In the winery, Jean-Charles’s rule is ‘Keep it simple and Respect what Mother Nature gives us in the vineyard.’ The thinking behind this is that by minimising the impact on the fruit you enhance the expression of the terroir.

The winery has been built on site, so the grapes can be processed as soon as they are picked. The winery was build into the slope between 2 terraces, allowing us to use gravity instead of pumping the must. This reduces the risk of oxidation.

Sauvignon Blanc

70 % of the fruit is whole bunch pressed while the rest is de-stemmed and crushed prior to being pressed. This is to increase the contact of the juice with the skin and uplift the aromas.

The grapes are carefully pressed, at an extraction rate of about 650L/t, to obtain a maximum of juice without getting the harsh flavours. The must is transferred into stainless steel tanks. 24hrs of cold settling allows a racking off the gross lees prior to the start of fermentation. During fermentation, the temperature is controlled between 12 - 15ºC to retain the freshness of the aromas. After fermentation, the wine is left on its fine lees for several months, allowing the wine to gain in concentration, complexity and finesse. At the end of winter, the wine is then prepared for bottling. This process includes protein stabilisation with Bentonite, cold stabilisation and final cross flow filtration.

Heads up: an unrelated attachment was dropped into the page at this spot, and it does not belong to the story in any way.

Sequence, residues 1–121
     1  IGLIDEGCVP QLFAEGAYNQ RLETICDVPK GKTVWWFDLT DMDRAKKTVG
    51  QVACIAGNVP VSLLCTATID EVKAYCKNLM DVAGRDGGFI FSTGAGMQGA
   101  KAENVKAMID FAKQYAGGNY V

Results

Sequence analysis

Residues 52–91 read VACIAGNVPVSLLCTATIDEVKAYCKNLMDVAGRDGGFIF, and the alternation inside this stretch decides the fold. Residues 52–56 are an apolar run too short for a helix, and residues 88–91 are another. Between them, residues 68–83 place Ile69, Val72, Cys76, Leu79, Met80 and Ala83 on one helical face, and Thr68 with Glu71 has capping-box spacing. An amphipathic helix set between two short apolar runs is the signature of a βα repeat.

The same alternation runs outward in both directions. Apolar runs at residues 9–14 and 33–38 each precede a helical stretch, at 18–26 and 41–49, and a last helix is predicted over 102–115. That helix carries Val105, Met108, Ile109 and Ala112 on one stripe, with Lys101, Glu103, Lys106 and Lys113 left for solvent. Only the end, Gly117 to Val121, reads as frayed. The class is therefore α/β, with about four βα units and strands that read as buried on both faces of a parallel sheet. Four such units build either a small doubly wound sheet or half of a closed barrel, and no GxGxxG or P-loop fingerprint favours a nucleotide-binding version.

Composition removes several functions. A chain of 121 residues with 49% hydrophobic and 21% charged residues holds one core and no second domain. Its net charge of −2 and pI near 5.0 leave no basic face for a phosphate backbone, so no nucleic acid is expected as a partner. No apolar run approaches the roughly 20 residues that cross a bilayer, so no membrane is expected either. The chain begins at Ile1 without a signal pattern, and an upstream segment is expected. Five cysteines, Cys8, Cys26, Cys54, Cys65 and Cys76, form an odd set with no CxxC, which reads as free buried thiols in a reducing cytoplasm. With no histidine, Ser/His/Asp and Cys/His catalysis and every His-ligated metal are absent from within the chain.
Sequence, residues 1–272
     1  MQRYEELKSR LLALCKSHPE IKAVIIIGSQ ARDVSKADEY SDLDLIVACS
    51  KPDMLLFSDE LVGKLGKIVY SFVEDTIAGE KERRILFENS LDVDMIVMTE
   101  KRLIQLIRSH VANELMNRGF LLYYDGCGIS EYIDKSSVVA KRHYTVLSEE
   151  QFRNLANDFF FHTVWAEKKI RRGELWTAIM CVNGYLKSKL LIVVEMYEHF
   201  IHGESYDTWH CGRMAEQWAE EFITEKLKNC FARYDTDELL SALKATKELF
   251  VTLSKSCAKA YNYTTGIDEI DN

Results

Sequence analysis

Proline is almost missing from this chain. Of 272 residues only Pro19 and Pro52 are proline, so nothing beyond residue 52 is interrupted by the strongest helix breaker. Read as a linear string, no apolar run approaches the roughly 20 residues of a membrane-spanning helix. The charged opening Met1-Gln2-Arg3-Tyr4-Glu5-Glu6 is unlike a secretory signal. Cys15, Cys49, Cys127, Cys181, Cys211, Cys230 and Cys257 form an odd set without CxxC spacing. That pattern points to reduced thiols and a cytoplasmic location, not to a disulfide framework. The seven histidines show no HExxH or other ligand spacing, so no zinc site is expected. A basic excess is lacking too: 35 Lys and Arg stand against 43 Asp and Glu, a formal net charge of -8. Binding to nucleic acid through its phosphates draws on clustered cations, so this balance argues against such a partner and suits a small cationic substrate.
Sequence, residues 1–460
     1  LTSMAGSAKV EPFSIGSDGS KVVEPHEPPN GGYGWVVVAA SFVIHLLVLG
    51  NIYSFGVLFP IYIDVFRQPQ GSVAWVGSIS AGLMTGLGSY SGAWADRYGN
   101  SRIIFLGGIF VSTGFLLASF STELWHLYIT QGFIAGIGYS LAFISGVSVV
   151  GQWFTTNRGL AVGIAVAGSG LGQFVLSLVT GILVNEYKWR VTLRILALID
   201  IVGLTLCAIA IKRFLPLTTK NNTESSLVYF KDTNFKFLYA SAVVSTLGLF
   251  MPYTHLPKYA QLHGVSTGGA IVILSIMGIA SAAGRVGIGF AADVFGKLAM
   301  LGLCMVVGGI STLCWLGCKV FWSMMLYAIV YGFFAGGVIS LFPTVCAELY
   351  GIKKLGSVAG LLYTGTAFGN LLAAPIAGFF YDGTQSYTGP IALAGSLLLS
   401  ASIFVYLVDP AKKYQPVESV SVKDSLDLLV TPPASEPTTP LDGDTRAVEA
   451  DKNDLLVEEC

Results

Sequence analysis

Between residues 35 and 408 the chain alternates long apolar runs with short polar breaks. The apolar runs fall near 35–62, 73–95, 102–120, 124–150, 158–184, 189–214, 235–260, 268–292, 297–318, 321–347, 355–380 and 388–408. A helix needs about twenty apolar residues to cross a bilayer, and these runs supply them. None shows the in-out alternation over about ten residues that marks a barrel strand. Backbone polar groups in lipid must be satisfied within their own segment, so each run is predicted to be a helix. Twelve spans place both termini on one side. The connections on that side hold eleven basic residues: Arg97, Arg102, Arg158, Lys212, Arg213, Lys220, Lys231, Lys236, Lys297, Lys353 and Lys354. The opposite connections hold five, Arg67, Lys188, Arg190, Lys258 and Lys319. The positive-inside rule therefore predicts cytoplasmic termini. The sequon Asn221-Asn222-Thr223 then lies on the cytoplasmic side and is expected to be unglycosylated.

Pinot Noir

The grapes are de-stemmed but not crushed, and then gravity fed straight into the open fermenters. The grapes are kept at 12ºC for about a week of cold pre-fermentation soak to extract colour and aromas. A fast, warm fermentation follows; about a week at a maximum temperature of 30 - 31ºC. A delicate hand ‘pigeage’ ensures the cap of skins and pips is regularly broken down and immerged into the fermenting juice.

After fermentation, the wine stays for about another week of maceration. Jean-Charles carefully oversees this maceration to ensure the beautiful ruby colour so typical of the traditional Pinot Noir. Finally, the free run wine is drained out. The pressed wine is reincorporated and the wine transferred into French oak barrels. The wine remains in barrels for a year. A good balance of new, 2 and 3 years old barrels are used to ensure an elegant ‘boisé’; in the slightly toasted spices range. Once the wine has been bottled, it is aged for a further few months before being released.